Food and Wine Names Terror-Supporting Bakery Reems As One of Restaurants of 2018
If that wasn’t bad enough, they buy in to the lie that it is a place of “peace,” where Jews and Arabs can eat together.
I’d ordered far too much already. I’d tried elastic man’oushe flatbread peeled off a hot saj griddle, sumac-braised chicken, shakshuka bubbling with bright egg yolks, and tahini cut with butternut squash. I hadn’t planned on getting the mu’ajinaat—the puffy little turnover stuffed with tangy marinated akkawi cheese and speckled with black nigella seeds. But a pair of older women at the Reem’s counter insisted I was missing out, told me they hadn’t tasted mu’ajinaat quite like this since their mother died, told me this particular mu’ajinaat was a taste of Palestine, a taste of home.
The woman to thank here is Reem Assil, who grew up in a Syrian-Palestinian family in Sudbury, Massachusetts—an “ambiguously brown kid,” as she describes herself, in a predominantly white neighborhood. From an early age she understood food as a potent tool for empathy and connection. “When the Arab world appeared in our curriculum at all, it was always stereotypical and outdated. Kids would make fun of me,” she remembers. “My mom would come to the school and give the kids baklava and maamoul cookies. It always won them over.” As an adult, Assil studied international relations and became a labor activist; it wasn’t until a trip to Lebanon, where she observed the sense of community fostered in the lively bakeries of Beirut, that she resolved to bring that spirit to the States.
Food as a vehicle for healing is at the center of everything here. Assil has roots in the local foods movement of the Bay Area—Reem’s started out as a farmers market stand. And so the produce is local, the meat from nearby halal butchers. The dough for those man’oushe breads gets its tang from a Tartine Bakery starter and may be topped with cumin from Burlap & Barrel, a company emphasizing ethical sourcing in Afghanistan, Palestine, and elsewhere.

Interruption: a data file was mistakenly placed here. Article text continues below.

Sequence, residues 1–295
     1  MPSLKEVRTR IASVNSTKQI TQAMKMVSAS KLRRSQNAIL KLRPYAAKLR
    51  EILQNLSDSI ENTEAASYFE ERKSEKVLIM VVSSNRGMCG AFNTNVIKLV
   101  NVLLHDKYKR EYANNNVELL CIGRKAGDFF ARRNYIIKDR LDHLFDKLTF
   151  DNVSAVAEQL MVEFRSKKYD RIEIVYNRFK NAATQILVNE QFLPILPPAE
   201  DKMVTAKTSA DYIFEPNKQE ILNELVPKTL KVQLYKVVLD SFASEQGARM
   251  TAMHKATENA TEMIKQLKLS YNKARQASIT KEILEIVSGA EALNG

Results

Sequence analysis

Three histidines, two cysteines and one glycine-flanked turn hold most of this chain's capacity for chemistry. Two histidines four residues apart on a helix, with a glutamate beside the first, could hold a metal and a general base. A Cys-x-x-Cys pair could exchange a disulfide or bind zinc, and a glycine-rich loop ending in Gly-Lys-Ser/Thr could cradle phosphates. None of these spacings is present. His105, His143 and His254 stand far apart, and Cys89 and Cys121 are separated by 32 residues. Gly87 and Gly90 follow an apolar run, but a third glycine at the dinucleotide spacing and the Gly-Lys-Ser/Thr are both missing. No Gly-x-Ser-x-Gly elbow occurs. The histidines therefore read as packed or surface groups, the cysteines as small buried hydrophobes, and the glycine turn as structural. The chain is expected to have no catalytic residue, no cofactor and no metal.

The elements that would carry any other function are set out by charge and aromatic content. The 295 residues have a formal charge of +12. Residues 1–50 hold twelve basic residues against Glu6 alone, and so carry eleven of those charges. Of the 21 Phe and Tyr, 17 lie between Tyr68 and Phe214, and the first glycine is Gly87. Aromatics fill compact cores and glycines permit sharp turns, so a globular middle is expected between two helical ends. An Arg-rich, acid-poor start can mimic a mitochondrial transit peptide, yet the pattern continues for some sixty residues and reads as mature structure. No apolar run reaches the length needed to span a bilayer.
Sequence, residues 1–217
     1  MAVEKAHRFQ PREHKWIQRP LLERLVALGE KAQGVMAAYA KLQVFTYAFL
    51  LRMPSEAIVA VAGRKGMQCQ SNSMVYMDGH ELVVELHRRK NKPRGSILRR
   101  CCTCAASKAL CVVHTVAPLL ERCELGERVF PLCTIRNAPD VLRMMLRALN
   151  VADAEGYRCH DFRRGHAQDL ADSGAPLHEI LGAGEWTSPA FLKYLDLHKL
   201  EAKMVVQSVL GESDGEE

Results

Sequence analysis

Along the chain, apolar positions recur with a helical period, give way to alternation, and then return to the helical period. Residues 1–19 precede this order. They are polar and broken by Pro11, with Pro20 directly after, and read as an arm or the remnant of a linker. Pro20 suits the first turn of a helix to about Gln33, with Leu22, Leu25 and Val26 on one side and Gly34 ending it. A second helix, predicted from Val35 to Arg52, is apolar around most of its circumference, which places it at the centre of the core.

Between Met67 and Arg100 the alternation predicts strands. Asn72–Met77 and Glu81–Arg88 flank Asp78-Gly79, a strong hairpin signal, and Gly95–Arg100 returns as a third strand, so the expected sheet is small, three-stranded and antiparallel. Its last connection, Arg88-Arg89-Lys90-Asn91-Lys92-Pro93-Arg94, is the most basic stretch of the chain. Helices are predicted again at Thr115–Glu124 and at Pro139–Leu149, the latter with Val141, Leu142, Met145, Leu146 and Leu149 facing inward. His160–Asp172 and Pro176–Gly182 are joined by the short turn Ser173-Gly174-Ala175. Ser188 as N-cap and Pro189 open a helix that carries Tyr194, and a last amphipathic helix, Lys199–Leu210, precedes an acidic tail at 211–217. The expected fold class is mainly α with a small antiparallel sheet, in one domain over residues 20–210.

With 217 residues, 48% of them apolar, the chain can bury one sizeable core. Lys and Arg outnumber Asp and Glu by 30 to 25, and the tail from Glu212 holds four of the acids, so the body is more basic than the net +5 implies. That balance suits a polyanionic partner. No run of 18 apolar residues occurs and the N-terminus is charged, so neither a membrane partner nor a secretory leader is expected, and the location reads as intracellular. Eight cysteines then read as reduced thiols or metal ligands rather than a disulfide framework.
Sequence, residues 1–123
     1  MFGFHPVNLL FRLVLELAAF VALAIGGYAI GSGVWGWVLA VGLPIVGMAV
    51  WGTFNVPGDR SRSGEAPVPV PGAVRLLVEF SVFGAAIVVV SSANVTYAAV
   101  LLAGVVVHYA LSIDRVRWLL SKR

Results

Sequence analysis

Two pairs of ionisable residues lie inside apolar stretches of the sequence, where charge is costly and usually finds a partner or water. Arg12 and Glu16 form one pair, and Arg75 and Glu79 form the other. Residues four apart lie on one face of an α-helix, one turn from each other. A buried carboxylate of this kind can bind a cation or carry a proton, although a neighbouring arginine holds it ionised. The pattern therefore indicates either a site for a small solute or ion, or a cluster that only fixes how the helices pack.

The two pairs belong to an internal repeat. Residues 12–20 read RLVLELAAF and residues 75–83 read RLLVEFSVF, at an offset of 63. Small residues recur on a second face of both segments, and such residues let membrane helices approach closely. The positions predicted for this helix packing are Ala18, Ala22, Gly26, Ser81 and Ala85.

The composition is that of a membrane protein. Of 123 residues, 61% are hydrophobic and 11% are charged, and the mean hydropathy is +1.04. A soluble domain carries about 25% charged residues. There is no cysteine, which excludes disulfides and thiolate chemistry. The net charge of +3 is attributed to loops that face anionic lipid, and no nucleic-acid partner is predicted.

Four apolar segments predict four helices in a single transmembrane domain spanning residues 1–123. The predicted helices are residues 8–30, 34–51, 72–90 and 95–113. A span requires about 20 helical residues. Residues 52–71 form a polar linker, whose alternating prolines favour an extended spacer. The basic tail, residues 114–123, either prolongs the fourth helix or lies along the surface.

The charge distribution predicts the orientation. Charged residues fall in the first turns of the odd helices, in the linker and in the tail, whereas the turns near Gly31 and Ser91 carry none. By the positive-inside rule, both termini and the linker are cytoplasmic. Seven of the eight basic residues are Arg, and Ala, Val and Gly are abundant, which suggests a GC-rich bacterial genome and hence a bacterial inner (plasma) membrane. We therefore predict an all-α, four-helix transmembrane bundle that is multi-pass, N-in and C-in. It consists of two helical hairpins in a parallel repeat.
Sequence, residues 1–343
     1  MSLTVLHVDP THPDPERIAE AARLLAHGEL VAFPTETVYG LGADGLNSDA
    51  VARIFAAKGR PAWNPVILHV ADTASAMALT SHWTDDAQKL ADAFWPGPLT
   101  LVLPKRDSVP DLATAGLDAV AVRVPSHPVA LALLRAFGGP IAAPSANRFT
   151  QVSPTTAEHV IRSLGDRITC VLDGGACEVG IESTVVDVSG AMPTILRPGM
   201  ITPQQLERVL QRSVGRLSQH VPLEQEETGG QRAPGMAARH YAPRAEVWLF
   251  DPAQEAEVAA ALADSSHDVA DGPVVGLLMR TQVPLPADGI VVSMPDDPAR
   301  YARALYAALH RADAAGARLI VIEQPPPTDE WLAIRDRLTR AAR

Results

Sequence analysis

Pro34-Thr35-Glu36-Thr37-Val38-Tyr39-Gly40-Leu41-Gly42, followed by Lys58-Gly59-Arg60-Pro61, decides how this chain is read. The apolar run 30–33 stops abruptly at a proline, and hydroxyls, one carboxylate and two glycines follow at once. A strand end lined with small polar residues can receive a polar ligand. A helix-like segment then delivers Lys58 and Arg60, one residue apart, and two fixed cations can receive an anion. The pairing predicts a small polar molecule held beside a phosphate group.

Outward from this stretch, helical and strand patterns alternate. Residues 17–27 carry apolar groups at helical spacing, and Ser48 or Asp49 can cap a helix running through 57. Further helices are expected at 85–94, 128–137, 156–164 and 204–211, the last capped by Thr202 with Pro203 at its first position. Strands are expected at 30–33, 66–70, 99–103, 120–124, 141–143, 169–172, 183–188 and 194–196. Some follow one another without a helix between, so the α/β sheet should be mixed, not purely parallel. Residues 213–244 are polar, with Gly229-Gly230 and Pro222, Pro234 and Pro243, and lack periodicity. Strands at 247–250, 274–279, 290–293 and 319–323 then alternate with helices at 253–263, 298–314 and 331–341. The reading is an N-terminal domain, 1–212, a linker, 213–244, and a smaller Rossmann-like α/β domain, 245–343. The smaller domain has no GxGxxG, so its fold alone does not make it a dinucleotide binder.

At a moment when touchstones of Middle Eastern cuisine like tahini and pomegranate molasses appear on menus all over the country, Reem’s offers an opportunity to see those flavors, often attributed to Israel, through a wider lens, one inclusive of the Arab perspective. “I wanted to cultivate understanding in the most humane way possible—through food,” says Assil, who makes her case with orange blossom–scented cookies, spinach pastries spiced with cinnamon and sumac, and warm flatbread bundling sujuk sausage. “I look around my restaurant on a Saturday afternoon. I see Jews and Arabs eating together. I see people who are not politicized just enjoying a meal. And I think, this is what peace looks like.”
Because nothing says Jews and Arabs eating together and peace like a big, ugly ass mural of a remorseless terrorist who murdered two Jews in cold blood.
Maybe the judges over at Food and Wine need to eat more food and drink less wine.